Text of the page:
In keeping with its mission to regulate tobacco products and protect the public health, the FDA Center for Tobacco Products (CTP) is committed to understanding how people use the myriad of diverse tobacco products available and the resulting exposure to toxins and addictive chemicals. As a strong first step to guide research efforts, the FDA CTP has established, based on peer-reviewed toxicological findings, a list of harmful and potentially harmful constituents to health (HPHCs) that may be inhaled, ingested, or absorbed as a result of tobacco product use. The HPHCs include carcinogens, respiratory, cardiovascular, reproductive, and developmental toxicants: all of these chemicals are known components of tobacco products. Starting in 2013, FDA-mandated reporting of the quantities of HPHCs in tobacco products will be required of the tobacco industry. Although tobacco product emissions and content are important components of a product's overall toxicity, user behavior and resulting human exposures are critical to understanding the difference in harm among the many tobacco product types and brands available. This project is designed to inform the FDA CTP's ongoing efforts to quantify actual human exposures, and identify and measure toxins that directly contribute to the risk of tobacco use-related disease. The scientific potency of traditional biomarker monitoring data hinges on the assumption that all of the study subjects faithfully and solely use the test product for prolonged periods. We know that most tobacco users, having the highest brand loyalty of all consumers, often do not comply with this requirement. The human behavior and exposure data that will be collected in support of this project are designed to enhance traditional biomarkers by providing a body of data that is not confounded by subject non-compliance, as these data are collected before and immediately after direct use of the tobacco products. Using a combination of human crossover trials and an established boost method paradigm, the relative exposures to HPHCs from new and manipulated tobacco products will be measured. These defensible objective data will be supported by a robust Quality Assurance/Quality Control program, and will be made available rapidly to FDA CTP and other collaborating Centers to inform tobacco regulation via a secure, privilege-based internet accessible database.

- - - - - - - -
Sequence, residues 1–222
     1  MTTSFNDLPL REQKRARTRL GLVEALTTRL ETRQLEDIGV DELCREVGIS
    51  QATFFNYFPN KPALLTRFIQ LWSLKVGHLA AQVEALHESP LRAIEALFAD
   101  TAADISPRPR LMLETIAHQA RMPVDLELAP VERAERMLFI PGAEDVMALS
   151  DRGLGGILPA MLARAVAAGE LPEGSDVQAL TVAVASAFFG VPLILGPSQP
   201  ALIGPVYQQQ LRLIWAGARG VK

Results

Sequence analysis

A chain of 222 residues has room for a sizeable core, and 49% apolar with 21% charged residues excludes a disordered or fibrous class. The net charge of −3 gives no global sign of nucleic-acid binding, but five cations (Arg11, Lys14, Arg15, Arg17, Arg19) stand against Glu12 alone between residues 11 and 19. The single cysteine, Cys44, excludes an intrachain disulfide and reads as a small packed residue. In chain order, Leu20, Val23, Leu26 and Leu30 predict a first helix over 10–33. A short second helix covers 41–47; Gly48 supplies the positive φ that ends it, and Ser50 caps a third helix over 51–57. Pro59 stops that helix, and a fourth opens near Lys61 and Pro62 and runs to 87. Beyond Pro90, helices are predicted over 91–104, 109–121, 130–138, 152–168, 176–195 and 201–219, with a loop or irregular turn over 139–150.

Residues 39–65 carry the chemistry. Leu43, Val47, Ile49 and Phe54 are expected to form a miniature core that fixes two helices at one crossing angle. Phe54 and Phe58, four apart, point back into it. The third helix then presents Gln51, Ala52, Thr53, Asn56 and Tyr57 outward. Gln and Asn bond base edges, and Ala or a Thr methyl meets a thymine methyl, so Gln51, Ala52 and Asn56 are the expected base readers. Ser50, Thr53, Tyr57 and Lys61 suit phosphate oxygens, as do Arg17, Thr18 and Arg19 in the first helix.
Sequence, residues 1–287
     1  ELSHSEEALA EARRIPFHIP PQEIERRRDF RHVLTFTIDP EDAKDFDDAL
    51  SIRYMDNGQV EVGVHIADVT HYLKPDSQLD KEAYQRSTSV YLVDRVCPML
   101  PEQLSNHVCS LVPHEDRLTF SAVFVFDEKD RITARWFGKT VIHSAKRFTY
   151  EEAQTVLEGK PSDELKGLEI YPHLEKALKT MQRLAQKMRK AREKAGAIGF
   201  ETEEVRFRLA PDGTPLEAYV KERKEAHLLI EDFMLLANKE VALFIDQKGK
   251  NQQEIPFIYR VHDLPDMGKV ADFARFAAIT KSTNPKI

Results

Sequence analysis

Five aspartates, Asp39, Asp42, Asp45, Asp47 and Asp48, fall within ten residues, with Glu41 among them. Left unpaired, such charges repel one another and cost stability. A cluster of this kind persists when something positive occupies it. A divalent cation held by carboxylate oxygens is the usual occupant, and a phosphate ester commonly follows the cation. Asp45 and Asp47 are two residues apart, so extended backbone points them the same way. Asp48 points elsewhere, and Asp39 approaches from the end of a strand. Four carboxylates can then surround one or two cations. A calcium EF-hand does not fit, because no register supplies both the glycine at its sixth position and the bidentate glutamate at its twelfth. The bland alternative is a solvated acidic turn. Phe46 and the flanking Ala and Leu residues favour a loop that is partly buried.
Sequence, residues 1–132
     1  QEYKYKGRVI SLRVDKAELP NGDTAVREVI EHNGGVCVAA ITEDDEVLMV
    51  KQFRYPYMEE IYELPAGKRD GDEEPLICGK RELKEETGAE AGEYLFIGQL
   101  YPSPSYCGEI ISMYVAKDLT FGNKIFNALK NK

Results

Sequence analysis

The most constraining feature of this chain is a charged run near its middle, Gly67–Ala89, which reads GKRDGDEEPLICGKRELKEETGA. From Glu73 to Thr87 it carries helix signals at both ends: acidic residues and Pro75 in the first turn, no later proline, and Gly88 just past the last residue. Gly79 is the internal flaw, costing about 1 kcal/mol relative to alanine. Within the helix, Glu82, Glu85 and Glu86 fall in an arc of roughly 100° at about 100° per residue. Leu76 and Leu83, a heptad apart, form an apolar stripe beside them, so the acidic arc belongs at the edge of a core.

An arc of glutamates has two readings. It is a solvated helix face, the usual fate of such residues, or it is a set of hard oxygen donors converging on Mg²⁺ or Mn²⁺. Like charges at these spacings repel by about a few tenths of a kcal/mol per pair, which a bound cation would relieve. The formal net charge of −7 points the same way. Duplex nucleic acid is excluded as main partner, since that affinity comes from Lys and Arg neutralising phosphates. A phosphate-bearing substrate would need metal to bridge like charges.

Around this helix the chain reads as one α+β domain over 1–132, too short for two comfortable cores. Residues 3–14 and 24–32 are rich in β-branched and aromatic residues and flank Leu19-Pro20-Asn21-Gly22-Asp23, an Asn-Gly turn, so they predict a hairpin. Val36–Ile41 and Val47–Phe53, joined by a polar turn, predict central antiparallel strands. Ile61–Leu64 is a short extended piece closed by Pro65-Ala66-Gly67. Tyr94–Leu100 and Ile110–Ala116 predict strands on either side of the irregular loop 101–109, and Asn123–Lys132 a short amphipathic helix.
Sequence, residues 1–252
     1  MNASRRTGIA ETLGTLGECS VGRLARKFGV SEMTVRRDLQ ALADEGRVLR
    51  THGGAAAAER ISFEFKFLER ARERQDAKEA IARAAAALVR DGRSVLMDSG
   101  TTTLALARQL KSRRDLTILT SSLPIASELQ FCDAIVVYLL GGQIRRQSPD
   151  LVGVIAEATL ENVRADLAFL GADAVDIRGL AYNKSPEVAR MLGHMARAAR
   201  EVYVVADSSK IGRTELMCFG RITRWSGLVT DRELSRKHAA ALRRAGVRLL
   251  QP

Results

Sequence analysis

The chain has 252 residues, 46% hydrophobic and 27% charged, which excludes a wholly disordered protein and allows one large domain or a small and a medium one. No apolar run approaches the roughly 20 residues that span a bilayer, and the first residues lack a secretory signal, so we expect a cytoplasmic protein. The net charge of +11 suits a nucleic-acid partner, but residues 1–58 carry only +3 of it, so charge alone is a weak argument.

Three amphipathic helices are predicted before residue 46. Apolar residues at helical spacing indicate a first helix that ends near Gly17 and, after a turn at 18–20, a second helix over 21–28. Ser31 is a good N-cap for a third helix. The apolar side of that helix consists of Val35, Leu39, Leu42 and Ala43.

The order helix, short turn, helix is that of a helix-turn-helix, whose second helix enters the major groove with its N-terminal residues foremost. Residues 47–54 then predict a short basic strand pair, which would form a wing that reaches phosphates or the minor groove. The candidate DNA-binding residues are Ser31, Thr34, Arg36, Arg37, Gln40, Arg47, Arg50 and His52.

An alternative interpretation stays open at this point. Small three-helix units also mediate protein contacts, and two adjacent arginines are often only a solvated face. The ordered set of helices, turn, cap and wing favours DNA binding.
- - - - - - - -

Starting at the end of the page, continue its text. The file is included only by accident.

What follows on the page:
Using human crossover trials and an established boost measurement paradigm, this study will measure relative exposures to HPHCs from new and manipulated tobacco products. Novel behavior and exposure measurement methods have been established for use with smoked and electronic cigarettes, flavored cigars, waterpipes, and smokeless tobacco products.